Cosmetics companies encouraged to share benefits with indigenous communities

By Katie Bird

- Last updated on GMT

Related tags: Indigenous peoples

The Union for Ethical BioTrade has pledged to encourage the cosmetics and personal care industry to adhere to the benefit sharing principles of the Convention on Biological Diversity (CBD).

The union, which helps to promote sustainable and ethical trade in biodiversity based products, will work jointly with the CBD to encourage the industry to share the benefits derived from the use of local knowledge and products with indigenous communities.

Industry events to raise convention’s profile

In order to achieve this, a number of industry events are planned including a presentation at 2009’s In-Cosmetics show in Munich. The aim is to inform companies of the CBD and to encourage them to join the union, executive director Rik Kutsch Lojenga told CosmeticsDesign.com.

In addition, the union is actively going out to talk to companies to increase awareness and membership, and a number of companies are already involved, he said.

The decision follows the publication of a CBD report that picks out the industry, along with food and beverage companies, as a particularly bad offender when it comes to sharing the benefits of local knowledge and products with indigenous communities.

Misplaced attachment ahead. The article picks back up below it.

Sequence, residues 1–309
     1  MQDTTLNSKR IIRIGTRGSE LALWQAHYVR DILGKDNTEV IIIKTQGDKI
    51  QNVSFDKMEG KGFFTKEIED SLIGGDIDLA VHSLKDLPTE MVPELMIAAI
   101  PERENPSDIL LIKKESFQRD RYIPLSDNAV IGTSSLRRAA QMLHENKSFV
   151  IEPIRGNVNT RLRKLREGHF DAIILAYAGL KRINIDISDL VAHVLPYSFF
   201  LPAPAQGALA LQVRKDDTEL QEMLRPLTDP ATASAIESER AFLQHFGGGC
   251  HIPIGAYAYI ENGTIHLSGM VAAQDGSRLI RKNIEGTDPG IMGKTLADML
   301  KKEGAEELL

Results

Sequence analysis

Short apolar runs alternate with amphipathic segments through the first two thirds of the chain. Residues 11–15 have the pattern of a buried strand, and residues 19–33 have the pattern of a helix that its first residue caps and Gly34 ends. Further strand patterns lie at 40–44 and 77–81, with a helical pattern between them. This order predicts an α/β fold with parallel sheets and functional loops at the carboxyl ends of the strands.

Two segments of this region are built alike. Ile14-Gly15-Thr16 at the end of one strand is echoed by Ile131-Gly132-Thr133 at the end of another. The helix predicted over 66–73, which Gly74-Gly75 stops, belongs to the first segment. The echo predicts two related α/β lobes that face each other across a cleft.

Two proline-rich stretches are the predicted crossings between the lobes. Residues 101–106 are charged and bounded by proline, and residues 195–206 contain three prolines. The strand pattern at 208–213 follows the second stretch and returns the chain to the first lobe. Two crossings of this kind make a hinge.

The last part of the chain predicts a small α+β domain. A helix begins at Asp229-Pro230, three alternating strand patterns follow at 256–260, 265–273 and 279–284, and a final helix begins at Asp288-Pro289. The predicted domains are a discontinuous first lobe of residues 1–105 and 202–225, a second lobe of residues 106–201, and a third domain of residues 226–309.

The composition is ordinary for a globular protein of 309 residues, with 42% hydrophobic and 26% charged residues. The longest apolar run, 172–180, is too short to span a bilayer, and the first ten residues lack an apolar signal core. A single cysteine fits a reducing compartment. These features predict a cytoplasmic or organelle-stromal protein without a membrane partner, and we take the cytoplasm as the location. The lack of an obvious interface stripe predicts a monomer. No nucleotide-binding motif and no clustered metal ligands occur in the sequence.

The report quoted one expert who said: “the fragrance and flavour companies actively search out innovative new ingredients in nature, in particularly the ingredient supply companies, and they don’t feel any need to sign agreements, pay royalties, or otherwise provide benefits. Most have never heard of the CBD.”

Lack of awareness is the culprit

For Kutsch Lojenga, however, the issue is a lack of awareness rather than a reluctance to comply with the convention.

“The CBD has done research and found that among companies, particularly with respect to the convention, awareness is very low. They are not aware, for example, that even before doing research they may need to ask the permission of the government and indigenous communities,”​ he told CosmeticsDesign.com.

The situation is compounded by the complex nature of current regulations. A company’s responsibilities may differ significantly depending on the natural products it is using and the country in which it is operating.

International negotiations currently under way will hopefully clarify the details of benefit sharing. The Access and Benefit Sharing (ABS) negotiations are scheduled to be finalised by 2010 and the union will also be attempting to up the involvement of cosmetics, and food and beverage companies, in the discussions, he explained.

Related topics: Market Trends, Formulation research

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